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Waddell v. Experian Information Solutions, Inc.

United States District Court, D. Kansas

June 13, 2019




         This case comes before the court on Defendant Wells Fargo Dealer Services, Inc.'s[1](“Wells Fargo”) motion to dismiss the claims stated against it in Plaintiff's amended complaint (Doc. 35). The motion has been fully briefed and is ripe for decision. (Docs. 36, 43, 52.) Wells Fargo's motion is GRANTED for the reasons stated herein.

         I. Facts

         The following facts are taken from the allegations in Plaintiff's amended complaint. (Doc. 29.) In January 2017, Plaintiff applied for credit with Defendant KIA Motors America, Inc. (“KIA”) in order to purchase a vehicle at Lawrence KIA. There was also an unnamed co-borrower that was a party to the transaction. After reviewing the credit application, Plaintiff decided not to go through with the purchase of the vehicle. Allegedly, Defendant KIA funded the loan and directed Lawrence KIA to release the collateral to an unnamed co-borrower. Defendant KIA then sold or transferred the loan to Wells Fargo.

         Several months later, the unnamed co-borrower defaulted on the loan. Wells Fargo then reported negative marks on Plaintiff's credit report. After Plaintiff became aware of the sale transaction and the negative reporting, Plaintiff contacted Wells Fargo. Defendants Equifax, Experian, and TransUnion (the “Defendant credit reporting agencies”) had notice of the dispute and all promptly removed the negative reporting. Wells Fargo told Plaintiff that it would remove the negative reporting after an investigation.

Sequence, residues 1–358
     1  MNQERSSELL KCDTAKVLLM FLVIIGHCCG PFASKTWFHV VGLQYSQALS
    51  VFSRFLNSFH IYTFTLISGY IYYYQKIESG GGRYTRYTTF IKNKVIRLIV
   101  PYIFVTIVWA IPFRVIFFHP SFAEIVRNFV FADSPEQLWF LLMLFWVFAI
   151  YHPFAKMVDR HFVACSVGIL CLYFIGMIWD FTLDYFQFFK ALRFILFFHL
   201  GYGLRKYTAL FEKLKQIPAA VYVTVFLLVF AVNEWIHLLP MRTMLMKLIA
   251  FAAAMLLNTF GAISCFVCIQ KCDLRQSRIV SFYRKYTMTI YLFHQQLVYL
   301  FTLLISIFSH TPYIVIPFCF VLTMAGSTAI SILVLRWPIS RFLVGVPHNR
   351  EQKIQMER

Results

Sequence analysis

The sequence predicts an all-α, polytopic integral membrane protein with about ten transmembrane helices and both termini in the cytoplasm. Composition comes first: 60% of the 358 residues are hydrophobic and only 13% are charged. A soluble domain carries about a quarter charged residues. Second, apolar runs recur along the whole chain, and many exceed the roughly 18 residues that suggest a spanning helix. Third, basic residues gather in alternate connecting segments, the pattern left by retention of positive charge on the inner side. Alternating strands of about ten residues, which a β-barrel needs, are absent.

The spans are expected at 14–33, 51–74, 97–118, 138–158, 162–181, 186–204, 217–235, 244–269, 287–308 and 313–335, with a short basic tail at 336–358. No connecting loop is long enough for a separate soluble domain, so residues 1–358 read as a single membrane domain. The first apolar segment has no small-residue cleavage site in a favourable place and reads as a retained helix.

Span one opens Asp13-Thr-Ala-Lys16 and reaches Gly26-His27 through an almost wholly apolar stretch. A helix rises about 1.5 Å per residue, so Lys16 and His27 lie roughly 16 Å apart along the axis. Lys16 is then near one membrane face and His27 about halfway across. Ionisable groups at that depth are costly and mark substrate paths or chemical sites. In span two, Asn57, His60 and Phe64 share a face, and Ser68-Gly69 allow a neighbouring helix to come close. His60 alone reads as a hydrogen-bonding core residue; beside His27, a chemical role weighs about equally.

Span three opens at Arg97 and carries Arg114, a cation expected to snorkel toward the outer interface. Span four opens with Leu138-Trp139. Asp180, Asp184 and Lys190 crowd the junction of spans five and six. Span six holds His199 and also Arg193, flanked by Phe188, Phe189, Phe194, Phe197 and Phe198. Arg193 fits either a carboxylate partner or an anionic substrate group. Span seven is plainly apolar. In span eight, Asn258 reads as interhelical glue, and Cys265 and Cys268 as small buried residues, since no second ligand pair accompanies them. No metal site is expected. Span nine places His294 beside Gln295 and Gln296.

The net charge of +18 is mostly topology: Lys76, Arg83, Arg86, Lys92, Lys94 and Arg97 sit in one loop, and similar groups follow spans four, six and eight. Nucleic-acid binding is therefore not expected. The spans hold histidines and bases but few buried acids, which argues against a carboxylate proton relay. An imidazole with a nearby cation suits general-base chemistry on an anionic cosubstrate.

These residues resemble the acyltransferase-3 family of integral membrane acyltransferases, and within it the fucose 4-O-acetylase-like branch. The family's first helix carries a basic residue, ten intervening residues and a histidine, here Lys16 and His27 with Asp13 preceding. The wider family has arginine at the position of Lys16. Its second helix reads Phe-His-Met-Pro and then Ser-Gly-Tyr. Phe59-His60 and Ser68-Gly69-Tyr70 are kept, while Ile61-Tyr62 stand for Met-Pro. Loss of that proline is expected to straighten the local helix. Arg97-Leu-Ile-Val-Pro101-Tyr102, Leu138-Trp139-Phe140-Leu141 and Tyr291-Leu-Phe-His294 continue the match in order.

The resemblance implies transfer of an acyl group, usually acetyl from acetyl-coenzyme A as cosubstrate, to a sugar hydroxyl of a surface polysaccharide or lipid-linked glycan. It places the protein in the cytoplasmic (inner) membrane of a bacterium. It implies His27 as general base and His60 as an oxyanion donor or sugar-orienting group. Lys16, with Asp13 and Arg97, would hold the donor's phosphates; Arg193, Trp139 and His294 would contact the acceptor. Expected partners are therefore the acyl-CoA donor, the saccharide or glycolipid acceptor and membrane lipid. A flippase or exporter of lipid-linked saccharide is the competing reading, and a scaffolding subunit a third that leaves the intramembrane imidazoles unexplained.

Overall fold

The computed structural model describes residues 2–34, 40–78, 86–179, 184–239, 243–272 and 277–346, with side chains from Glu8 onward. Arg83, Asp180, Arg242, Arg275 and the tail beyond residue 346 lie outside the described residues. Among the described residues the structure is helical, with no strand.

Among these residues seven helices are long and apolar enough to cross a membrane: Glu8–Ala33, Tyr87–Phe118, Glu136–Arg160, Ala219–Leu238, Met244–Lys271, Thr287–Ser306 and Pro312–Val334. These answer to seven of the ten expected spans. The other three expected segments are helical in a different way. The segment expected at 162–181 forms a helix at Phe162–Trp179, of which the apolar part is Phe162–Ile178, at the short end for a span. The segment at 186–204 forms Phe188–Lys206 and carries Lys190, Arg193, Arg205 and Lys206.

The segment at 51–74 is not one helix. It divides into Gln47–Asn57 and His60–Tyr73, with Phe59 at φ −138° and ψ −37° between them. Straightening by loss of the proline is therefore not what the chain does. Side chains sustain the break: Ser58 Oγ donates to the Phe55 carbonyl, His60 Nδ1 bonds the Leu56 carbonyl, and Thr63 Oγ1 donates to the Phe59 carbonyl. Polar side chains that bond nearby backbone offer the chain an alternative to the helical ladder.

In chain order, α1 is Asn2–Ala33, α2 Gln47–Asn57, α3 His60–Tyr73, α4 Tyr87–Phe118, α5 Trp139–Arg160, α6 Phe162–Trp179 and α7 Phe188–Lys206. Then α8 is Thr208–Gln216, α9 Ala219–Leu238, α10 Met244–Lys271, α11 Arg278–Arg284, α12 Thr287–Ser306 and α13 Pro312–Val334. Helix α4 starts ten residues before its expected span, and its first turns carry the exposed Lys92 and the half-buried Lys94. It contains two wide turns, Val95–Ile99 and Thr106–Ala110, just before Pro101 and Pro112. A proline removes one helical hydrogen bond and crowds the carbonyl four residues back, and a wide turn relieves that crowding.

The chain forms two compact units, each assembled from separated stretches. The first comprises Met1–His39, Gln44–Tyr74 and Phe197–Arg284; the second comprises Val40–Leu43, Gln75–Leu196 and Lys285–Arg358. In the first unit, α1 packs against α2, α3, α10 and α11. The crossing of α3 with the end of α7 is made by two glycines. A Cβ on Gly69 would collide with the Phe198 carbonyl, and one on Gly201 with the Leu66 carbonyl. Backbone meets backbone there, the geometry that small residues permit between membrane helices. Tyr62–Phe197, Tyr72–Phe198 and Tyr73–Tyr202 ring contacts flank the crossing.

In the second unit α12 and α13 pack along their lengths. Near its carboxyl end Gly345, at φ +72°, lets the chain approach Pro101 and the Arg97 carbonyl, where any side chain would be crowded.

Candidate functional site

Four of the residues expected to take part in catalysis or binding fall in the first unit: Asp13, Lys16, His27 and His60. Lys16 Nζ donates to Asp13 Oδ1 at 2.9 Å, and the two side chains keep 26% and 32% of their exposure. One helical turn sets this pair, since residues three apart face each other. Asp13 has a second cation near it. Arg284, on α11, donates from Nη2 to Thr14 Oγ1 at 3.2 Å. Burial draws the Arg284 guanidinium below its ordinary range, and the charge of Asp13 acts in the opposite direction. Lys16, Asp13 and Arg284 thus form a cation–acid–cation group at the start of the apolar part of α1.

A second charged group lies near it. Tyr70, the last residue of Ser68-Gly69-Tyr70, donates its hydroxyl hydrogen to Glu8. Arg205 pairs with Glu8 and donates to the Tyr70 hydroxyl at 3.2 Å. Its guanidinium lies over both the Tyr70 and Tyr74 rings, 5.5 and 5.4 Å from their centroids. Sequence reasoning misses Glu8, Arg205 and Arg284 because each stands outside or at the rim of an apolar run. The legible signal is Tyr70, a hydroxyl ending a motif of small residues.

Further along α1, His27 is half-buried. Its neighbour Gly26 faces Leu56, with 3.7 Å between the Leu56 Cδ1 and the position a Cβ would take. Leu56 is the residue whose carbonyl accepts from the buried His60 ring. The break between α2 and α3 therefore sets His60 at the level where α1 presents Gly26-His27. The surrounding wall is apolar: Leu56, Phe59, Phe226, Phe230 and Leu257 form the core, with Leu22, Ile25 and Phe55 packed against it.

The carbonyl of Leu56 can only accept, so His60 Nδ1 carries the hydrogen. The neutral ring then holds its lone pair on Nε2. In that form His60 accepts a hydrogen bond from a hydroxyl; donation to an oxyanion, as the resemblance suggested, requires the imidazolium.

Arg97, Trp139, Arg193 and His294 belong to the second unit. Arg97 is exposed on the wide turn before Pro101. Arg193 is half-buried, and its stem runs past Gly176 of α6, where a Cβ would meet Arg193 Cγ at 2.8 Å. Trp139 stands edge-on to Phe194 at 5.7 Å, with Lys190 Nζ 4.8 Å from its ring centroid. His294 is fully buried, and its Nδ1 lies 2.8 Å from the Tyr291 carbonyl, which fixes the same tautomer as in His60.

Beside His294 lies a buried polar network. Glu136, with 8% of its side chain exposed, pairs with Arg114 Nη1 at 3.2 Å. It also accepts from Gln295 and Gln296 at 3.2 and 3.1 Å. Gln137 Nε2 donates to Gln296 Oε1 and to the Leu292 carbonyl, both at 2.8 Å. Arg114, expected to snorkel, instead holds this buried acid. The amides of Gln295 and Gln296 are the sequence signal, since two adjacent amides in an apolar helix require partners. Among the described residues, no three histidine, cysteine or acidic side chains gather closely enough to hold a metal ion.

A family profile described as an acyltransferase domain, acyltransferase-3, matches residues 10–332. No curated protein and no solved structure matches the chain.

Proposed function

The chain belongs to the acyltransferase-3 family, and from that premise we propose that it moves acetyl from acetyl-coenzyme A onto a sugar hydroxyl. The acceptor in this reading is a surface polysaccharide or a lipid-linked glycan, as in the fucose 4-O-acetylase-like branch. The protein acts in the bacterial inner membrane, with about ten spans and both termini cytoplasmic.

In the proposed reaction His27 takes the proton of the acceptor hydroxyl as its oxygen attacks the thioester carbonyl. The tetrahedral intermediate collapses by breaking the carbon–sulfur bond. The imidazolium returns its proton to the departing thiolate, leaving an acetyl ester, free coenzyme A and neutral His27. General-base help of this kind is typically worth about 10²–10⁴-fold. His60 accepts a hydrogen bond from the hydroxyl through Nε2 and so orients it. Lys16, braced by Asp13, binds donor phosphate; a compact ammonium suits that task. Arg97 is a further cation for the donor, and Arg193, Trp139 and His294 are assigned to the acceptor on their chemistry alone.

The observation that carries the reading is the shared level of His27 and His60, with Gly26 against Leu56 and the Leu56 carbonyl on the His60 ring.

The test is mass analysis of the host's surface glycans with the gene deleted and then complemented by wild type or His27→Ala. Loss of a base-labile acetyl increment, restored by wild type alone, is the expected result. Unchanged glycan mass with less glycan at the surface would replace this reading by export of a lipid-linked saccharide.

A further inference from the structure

Plaintiff's credit score increased significantly after the removal. Shortly thereafter, the Defendant credit reporting agencies changed Plaintiff's credit report to again reflect the negative reporting. Plaintiff properly disputed the Wells Fargo negative reporting with each of the Defendant credit reporting agencies. Plaintiff disputed the negative reporting on at least two occasions. Wells Fargo continued to report incorrect information to the Defendant credit reporting agencies in an attempt to cause Plaintiff to make payments. Plaintiff alleges that Wells Fargo intentionally, recklessly, and negligently failed to perform a reasonable investigation as required by the Fair Credit Reporting Act (“FCRA”), 15 U.S.C. § 1681, et seq. Plaintiff alleges that he has suffered damages as a result of Defendants' conduct and has been unable to obtain refinancing.

         Plaintiff has alleged two counts against Wells Fargo: violation of the FCRA and of the Fair Debt Collection Practices Act (“FDCPA”), 15 U.S.C. § 1692e. Wells Fargo moves to dismiss both counts on the basis that they fail to state a claim.